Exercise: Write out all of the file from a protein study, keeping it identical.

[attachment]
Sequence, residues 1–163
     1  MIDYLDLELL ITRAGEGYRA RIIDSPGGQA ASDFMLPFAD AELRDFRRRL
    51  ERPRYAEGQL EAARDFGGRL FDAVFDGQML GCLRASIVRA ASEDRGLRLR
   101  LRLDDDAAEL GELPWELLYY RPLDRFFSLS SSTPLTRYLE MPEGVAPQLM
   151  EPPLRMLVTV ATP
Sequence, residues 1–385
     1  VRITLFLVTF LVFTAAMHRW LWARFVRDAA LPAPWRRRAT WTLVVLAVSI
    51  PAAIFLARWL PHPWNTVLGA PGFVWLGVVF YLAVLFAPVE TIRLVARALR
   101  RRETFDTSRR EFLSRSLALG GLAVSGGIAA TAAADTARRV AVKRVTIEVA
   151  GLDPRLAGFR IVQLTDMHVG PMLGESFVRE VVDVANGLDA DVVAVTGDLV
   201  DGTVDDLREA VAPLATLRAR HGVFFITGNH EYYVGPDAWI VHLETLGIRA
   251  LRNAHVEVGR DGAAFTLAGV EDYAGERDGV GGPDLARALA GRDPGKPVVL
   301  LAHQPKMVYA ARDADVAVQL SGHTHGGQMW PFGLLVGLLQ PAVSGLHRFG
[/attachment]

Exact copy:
Sequence, residues 1–163
     1  MIDYLDLELL ITRAGEGYRA RIIDSPGGQA ASDFMLPFAD AELRDFRRRL
    51  ERPRYAEGQL EAARDFGGRL FDAVFDGQML GCLRASIVRA ASEDRGLRLR
   101  LRLDDDAAEL GELPWELLYY RPLDRFFSLS SSTPLTRYLE MPEGVAPQLM
   151  EPPLRMLVTV ATP
Sequence, residues 1–385
     1  VRITLFLVTF LVFTAAMHRW LWARFVRDAA LPAPWRRRAT WTLVVLAVSI
    51  PAAIFLARWL PHPWNTVLGA PGFVWLGVVF YLAVLFAPVE TIRLVARALR
   101  RRETFDTSRR EFLSRSLALG GLAVSGGIAA TAAADTARRV AVKRVTIEVA
   151  GLDPRLAGFR IVQLTDMHVG PMLGESFVRE VVDVANGLDA DVVAVTGDLV
   201  DGTVDDLREA VAPLATLRAR HGVFFITGNH EYYVGPDAWI VHLETLGIRA
   251  LRNAHVEVGR DGAAFTLAGV EDYAGERDGV GGPDLARALA GRDPGKPVVL
   301  LAHQPKMVYA ARDADVAVQL SGHTHGGQMW PFGLLVGLLQ PAVSGLHRFG